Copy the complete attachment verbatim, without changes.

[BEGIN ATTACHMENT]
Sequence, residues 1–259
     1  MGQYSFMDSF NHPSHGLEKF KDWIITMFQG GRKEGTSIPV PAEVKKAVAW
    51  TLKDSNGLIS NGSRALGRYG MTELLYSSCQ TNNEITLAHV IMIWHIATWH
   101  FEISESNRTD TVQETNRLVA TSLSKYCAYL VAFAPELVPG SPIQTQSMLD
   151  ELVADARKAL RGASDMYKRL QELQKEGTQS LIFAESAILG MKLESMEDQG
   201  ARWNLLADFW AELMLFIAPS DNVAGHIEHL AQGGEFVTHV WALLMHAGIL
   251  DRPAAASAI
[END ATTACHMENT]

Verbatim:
Sequence, residues 1–259
     1  MGQYSFMDSF NHPSHGLEKF KDWIITMFQG GRKEGTSIPV PAEVKKAVAW
    51  TLKDSNGLIS NGSRALGRYG MTELLYSSCQ TNNEITLAHV IMIWHIATWH
   101  FEISESNRTD TVQETNRLVA TSLSKYCAYL VAFAPELVPG SPIQTQSMLD
   151  ELVADARKAL RGASDMYKRL QELQKEGTQS LIFAESAILG MKLESMEDQG
   201  ARWNLLADFW AELMLFIAPS DNVAGHIEHL AQGGEFVTHV WALLMHAGIL
   251  DRPAAASAI